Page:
One of the more interesting surprises from last night’s Super Bowl commercials was the ad for Cloverfield 3, a film called The Cloverfield Paradox.
It wasn’t just the first time we saw a trailer for it.
No – it was that Netflix announced that the movie would be available for streaming immediately following the Super Bowl.
It’s nearly unprecedented for a major release to receive no publicity lead time.
The secret was even more of a shock because The Cloverfield Paradox was initially slated to be released theatrically by Paramount on April 20.
Each of the other two Cloverfield films received theatrical releases.
Given executive producer JJ Abrams’ clout in Hollywood, there was little reason to believe this one would be any different.
But no – Netflix went ahead and pushed up the release date by more than two months, and told no one about it.
10 Cloverfield Lane
In terms of other recent film surprises?
Sure, there was 10 Cloverfield Lane, a psychological thriller starring John Goodman that looked like a decent horror film in its own right…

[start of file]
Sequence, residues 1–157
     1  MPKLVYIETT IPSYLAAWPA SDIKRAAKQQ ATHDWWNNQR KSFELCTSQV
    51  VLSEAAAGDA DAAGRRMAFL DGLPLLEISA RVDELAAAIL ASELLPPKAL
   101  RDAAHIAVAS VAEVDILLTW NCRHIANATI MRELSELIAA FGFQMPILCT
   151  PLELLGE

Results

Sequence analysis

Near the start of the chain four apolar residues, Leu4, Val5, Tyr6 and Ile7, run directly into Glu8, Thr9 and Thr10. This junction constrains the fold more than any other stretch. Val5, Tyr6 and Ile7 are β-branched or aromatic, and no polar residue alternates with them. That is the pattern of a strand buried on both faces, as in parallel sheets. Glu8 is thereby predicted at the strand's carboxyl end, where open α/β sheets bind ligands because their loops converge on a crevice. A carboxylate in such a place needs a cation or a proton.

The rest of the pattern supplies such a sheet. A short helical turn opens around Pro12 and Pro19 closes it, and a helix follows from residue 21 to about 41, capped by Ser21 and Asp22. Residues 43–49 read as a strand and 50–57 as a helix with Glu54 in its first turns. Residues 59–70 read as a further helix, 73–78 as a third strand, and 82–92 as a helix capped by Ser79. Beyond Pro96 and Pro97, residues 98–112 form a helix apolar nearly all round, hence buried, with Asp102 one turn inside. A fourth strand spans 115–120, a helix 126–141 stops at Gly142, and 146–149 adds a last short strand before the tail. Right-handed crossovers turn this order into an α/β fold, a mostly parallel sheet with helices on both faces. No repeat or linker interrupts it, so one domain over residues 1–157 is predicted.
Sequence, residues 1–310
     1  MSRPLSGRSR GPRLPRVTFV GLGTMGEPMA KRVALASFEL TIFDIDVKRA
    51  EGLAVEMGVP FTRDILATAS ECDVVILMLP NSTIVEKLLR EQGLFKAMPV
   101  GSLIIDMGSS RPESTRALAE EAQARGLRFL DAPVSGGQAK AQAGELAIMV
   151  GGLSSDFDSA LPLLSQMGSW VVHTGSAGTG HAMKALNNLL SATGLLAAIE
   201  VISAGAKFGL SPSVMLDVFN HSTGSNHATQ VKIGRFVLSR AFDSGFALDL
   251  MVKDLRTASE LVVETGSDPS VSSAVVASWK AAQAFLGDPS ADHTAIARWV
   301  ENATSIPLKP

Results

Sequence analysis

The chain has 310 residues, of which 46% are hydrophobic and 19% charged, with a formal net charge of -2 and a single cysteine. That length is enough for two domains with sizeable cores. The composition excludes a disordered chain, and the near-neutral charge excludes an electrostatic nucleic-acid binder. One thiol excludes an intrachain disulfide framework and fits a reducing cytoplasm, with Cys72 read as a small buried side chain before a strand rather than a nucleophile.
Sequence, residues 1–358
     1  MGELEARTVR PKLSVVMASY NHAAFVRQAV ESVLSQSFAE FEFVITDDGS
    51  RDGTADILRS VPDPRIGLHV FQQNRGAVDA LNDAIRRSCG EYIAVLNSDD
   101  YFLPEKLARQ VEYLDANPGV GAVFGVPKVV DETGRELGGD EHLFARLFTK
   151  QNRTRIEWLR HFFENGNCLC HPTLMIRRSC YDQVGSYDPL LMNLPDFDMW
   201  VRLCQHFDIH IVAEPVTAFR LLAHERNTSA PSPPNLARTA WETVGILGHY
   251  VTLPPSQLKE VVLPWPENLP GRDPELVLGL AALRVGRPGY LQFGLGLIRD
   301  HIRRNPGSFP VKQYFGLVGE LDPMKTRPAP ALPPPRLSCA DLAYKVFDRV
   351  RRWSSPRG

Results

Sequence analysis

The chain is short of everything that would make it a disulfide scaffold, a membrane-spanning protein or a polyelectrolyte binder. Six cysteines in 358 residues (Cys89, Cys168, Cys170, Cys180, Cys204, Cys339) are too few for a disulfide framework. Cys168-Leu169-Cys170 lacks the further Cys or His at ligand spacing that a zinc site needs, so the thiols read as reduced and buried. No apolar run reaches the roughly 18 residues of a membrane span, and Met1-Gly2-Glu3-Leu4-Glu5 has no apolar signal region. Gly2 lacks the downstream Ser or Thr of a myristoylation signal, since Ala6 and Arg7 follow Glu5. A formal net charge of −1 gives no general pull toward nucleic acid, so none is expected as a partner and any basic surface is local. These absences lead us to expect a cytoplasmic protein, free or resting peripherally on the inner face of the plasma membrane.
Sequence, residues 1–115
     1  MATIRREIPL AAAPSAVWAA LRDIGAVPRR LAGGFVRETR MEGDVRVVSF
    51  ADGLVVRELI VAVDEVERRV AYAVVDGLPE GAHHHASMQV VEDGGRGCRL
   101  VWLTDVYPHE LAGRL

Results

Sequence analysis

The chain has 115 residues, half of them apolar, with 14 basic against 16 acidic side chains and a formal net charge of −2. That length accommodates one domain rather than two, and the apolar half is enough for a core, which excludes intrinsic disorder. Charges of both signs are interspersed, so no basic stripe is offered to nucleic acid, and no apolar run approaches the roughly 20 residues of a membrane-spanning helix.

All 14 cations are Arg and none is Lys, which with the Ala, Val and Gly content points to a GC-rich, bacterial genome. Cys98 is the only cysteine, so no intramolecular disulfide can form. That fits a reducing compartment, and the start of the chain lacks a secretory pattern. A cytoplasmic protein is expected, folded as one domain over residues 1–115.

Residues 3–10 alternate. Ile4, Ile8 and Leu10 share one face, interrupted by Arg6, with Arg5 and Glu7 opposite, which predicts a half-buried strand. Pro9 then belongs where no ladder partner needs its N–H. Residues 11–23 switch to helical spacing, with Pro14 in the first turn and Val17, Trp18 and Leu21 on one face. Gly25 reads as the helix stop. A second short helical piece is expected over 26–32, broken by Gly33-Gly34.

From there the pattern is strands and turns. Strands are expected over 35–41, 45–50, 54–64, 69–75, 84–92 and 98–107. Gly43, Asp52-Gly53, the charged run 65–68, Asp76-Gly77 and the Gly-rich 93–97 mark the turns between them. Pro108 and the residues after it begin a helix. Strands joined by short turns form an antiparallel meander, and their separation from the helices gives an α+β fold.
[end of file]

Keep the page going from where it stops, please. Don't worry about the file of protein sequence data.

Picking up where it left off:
Right up until the trailer’s title card, which delighted thousands by announcing it was connected to the original Cloverfield movie.
And then there was Split – the multiple personality serial killer by M. Night Shyamalan.
The film easily stood on its own (and make an astounding $138 million vs. on its $9 million budget).
But once released, a surprise cameo by Bruce Willis in the final scene announced it was also a backdoor sequel to Shyamalan’s 2000 movie Unbreakable.
Netflix continues to surprise by experimenting with its original content.
The studio that recently spent $90 million on the Will Smith cop thriller Bright has now acquired another movie that even three years ago would have seen a theatrical release.
And marketed it brilliantly — but (paradoxically – heh!) not marketing it.
As TechRadar put it:
This is a huge sea change for the movie world, upturning the regular build-up of marketing, the trailer tease after trailer tease and the inevitable talk show promotional surge everyone goes on when a big movie was released.
The lesson here?
Traditional Hollywood studios should underestimate Netflix at their peril.